Towards a new model of evidence for population health improvement


Dates: December 2015 – December 2016
Funder: The Health Foundation
ECOHOST staff involved: Harry Rutter, Keti Glonti

Despite large amounts of investment in research, knowledge translation, policy development, and practical action the UK, along with almost all other nations, faces a growing epidemic of non-communicable diseases. Despite major efforts we are no closer to solving the obesity crisis than we were a decade ago, and the recent emergence of e-cigarettes has seen public health experts at odds with one another in heated but unresolved arguments about the best way to respond.
The majority of biomedical research is conducted within a dichotomous hypothesis-testing paradigm, trying to establish whether or not an intervention ‘works’. Human behaviour is, however, shaped by multiple factors interacting within complex systems. Understanding how to influence it is rarely this simple, and requires different approaches and methods from clinical research. The time has come to supplement epidemiology and other aspects of biomedical research with new tools and approaches in order to provide better methods for (a) understanding if something ‘works’ and (b) how it works in any given context.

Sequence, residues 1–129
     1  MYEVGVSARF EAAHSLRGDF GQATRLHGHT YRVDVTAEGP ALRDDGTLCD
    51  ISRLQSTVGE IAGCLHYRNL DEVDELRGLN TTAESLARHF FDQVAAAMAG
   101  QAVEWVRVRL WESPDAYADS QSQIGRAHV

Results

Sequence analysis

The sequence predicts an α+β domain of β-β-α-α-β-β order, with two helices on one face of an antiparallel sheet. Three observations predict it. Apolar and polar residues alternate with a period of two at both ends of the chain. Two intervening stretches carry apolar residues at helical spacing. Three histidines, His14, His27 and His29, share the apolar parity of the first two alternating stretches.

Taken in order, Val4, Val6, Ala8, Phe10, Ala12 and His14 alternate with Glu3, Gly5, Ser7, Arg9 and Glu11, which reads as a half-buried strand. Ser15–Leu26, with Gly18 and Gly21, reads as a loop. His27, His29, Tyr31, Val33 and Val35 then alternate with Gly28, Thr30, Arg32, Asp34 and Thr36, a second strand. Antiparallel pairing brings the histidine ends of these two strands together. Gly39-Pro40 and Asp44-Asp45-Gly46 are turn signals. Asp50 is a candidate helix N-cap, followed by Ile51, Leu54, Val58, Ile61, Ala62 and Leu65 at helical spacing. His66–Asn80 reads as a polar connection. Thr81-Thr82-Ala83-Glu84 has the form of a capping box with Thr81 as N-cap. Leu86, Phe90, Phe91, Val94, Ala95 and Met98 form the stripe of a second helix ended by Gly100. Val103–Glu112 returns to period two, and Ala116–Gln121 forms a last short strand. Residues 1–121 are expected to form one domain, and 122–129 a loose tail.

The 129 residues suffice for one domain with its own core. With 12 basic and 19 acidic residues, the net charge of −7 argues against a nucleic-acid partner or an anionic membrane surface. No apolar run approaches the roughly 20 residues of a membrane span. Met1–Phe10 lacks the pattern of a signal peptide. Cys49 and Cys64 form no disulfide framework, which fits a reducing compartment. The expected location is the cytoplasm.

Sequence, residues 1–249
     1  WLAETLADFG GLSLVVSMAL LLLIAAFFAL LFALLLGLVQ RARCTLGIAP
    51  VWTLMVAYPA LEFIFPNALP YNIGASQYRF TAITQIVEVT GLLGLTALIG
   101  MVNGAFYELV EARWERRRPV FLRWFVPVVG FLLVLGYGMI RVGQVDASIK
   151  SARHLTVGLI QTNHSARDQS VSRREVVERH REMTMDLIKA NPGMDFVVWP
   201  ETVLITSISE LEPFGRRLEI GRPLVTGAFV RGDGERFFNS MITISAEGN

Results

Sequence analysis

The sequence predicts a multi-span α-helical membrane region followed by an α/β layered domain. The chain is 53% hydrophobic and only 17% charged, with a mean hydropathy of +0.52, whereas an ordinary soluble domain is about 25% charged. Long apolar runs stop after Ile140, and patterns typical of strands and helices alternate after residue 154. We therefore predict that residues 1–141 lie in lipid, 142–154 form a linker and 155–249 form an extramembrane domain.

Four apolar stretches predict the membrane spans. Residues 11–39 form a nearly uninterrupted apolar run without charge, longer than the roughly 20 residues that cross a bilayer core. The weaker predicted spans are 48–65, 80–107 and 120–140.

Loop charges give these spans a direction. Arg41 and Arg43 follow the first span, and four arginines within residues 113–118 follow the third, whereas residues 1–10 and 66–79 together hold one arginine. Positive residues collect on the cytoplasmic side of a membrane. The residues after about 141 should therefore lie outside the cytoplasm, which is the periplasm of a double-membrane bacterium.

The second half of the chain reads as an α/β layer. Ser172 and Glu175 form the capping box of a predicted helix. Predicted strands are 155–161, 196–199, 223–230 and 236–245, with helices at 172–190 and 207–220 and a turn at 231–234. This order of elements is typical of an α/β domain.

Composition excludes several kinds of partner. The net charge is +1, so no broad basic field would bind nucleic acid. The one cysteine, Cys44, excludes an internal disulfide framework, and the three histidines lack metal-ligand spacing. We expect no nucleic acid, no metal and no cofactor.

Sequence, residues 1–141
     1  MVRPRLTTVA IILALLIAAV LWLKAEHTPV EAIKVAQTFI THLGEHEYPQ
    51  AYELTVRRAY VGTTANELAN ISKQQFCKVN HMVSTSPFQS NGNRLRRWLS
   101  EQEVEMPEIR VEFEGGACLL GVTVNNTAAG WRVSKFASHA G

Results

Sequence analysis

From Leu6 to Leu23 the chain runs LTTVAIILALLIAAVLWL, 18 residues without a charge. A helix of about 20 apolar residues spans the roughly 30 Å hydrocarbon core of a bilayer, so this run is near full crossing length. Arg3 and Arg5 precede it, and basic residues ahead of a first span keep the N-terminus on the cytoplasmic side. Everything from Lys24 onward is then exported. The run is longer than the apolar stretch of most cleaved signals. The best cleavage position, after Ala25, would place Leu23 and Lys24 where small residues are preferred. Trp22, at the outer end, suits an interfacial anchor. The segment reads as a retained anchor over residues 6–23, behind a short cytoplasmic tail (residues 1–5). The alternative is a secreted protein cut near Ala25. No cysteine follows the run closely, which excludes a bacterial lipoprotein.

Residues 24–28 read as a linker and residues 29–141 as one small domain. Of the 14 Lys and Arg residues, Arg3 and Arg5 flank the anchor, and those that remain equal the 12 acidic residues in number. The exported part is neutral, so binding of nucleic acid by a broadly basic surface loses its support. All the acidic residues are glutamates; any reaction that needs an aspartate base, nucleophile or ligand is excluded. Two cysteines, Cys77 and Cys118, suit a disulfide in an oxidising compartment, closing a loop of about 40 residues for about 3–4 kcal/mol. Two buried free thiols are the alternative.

This need to change the way in which evidence is generated and used by actors across multiple sectors to improve public health is gaining increasing recognition among research funders and policy makers, but there are strong structural ties to the existing evidence based medicine paradigm. Moving on from this dominant approach will require a major effort to overcome organisational inertia and professional resistance, but if we are to move towards genuinely upstream responses to population level health problems it will be essential to embrace complexity science and whole system approaches.

This project aims to initiate a process akin to that of the establishment of the evidence-based medicine movement around 25 years ago.

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